An Italian court has convicted 23 Americans--22 CIA agents and one Air Force colonel--of abducting a Muslim cleric in "extraordinary renditions" of terrorist suspects. Tried and convicted in absentia, the Americans have also been sentenced to an entirely unenforceable five (and, in one case, eight) years in prison. What does this conviction mean for U.S. policy, the agents, and countries involved?
- I Never Understood This, Adam Serwer admits at The American Prospect. "Italy is an ally. Why was extraordinary rendition necessary?" Not that he's taking the Italian side: "[C]onvicting people in absentia? Not such a big fan of that."
- A Signal to the CIA Responding to Serwer's question, Foreign Policy's Annie Lowrey explains that the CIA took the steps in question "because it was the most efficient way to do it, and, at the time, operated in extralegal channels." The purpose of this court case, then, is to "[ensure] the CIA knows there's no impunity now." Meaning? "[F]ormer Milan station chief Robert Lady needs to cancel his European vacations."
- A Signal to the U.S. Mother Jones's Dave Gilson says that though none of the convicts will serve any prison time for this, "the ruling is a rebuke to the US government--and the nearly 15-year-old rendition policy."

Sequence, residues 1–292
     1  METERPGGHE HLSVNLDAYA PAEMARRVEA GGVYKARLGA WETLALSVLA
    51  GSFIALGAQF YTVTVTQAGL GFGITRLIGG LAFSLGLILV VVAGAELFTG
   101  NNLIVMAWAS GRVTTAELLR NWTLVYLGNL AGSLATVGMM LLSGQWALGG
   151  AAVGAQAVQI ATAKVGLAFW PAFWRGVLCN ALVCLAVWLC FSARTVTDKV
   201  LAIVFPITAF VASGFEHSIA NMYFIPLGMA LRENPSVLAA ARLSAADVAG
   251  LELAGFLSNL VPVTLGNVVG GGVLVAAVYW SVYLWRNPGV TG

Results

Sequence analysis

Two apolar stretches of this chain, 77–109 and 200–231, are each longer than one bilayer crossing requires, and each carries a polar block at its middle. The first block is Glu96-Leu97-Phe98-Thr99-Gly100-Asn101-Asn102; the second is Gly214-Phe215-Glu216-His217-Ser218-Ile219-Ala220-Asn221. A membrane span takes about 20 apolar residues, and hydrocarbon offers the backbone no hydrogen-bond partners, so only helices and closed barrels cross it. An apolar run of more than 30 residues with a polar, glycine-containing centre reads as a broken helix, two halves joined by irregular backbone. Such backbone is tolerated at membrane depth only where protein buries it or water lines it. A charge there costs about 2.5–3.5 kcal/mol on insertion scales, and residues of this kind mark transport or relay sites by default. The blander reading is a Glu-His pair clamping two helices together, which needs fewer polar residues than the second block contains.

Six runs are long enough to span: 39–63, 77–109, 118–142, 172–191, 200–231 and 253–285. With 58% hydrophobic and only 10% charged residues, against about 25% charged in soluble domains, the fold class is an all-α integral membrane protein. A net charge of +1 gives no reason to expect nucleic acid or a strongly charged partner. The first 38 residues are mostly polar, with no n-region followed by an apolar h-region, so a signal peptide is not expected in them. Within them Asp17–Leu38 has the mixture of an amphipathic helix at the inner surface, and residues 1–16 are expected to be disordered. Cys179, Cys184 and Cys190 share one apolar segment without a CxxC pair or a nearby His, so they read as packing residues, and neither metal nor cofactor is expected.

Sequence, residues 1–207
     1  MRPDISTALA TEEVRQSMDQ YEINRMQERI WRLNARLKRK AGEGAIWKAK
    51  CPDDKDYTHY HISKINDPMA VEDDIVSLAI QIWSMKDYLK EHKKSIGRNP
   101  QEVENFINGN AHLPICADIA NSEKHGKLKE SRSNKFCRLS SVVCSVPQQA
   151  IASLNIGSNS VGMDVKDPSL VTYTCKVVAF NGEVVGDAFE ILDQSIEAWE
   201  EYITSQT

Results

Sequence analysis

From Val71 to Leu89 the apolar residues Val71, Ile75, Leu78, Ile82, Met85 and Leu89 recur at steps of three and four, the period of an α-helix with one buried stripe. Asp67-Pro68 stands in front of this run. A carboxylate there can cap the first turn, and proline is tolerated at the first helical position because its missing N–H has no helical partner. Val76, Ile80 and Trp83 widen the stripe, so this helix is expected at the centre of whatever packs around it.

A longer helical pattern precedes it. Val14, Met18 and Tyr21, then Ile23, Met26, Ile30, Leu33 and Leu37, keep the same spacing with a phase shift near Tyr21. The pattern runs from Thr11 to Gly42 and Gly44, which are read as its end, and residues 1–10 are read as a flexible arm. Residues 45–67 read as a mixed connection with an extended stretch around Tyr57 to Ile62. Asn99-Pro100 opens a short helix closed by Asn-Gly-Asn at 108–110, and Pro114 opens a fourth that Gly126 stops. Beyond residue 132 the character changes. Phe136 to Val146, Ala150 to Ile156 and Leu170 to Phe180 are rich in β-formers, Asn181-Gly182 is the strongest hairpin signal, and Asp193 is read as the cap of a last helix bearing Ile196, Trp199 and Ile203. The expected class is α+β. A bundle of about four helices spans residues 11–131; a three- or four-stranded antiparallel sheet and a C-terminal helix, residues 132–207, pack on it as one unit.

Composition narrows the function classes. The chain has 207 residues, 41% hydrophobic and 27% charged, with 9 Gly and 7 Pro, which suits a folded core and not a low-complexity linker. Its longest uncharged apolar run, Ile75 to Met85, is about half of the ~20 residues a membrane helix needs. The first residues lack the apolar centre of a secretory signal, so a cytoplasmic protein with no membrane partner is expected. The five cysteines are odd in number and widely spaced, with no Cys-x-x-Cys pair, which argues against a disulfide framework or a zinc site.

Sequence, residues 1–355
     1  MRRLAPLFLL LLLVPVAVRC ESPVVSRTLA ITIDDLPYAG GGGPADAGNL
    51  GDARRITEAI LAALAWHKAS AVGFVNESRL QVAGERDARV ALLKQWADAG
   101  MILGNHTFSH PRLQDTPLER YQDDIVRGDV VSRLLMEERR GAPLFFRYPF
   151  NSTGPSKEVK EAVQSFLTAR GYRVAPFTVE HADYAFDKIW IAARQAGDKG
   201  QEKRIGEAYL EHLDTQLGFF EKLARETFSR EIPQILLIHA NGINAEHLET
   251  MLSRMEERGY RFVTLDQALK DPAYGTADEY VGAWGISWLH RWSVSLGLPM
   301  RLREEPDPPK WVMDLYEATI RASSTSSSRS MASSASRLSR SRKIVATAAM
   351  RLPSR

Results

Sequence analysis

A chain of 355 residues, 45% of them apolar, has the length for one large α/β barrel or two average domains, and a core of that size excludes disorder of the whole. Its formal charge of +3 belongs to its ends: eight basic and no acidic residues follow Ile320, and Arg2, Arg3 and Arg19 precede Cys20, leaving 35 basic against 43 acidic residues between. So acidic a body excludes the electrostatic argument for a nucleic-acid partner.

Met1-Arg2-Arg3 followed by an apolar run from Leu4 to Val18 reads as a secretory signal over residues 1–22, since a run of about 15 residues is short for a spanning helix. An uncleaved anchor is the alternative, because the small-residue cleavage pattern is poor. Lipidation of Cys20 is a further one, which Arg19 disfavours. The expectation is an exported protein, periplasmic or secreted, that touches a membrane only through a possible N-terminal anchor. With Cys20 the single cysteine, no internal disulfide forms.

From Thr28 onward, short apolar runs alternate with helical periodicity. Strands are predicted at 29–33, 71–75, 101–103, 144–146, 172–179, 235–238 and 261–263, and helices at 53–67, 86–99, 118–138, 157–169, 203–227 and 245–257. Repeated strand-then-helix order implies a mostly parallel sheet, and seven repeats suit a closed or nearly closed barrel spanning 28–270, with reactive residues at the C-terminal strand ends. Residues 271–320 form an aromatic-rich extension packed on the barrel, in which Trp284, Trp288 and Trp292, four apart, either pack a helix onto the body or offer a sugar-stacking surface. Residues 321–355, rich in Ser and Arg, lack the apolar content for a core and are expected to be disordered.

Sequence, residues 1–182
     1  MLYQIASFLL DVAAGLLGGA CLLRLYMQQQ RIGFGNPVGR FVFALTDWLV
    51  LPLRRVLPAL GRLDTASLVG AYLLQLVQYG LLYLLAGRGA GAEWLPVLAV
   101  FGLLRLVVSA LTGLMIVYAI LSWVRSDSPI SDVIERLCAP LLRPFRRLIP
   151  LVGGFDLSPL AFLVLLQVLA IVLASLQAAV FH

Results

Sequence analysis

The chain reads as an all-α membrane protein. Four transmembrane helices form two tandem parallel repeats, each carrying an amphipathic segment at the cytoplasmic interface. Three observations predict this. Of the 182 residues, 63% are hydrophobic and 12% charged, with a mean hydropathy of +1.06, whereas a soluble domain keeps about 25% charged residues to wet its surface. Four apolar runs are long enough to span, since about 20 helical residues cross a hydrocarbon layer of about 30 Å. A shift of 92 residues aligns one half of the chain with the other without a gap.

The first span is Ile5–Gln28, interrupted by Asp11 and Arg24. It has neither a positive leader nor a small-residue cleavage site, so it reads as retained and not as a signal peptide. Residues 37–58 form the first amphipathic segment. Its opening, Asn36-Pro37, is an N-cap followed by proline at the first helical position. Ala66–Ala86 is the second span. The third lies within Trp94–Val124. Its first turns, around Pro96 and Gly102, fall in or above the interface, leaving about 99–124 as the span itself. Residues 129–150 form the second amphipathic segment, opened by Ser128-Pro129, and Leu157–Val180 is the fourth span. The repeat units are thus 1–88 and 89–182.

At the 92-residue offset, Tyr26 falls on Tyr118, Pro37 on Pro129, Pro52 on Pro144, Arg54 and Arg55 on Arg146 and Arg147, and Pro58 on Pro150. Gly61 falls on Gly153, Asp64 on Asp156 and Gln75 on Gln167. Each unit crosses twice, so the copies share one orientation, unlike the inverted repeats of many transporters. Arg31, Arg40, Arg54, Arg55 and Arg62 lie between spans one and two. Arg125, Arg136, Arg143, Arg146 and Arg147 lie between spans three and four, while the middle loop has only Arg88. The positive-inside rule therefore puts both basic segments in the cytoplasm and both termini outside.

- A Complete Joke Gawker's Alex Pareene isn't buying it. Extraordinary rendition, he patiently explains, "is 'illegal' under Italian 'law.'" But don't worry, he writes: "Obama signed an executive order promising to not fly prisoners to places where they will be tortured, anymore ... And we all know the CIA will do exactly as they are told, because they always do." What about the convicts? Extradition, Pareene continues, "is not going to happen." Luckily, there's a backup option: "Italians should probably consider having agents of their own lawless and unchecked international intelligence organization kidnap them all as they go to church or whatever."
- What About the Guilty Italians? Kevin Drum isn't convinced, either. He's got his own reason, though: Italians were involved in the extraordinary rendition process, too. What happened to them?
Let me get this straight: the Italian judge was happy to convict a bunch of Americans who he knew would never pay a price since they'll never be extradited, but he wasn't willing to convict the Italians involved in all this, who would have paid a price. You'll excuse me, I hope, if I don't exactly see this as a triumph of judicial independence. Convicting a bunch of foreigners is easy. It's holding your own people to account that's hard. Wake me up when either of our countries starts doing that.
This article is from the archive of our partner The Wire.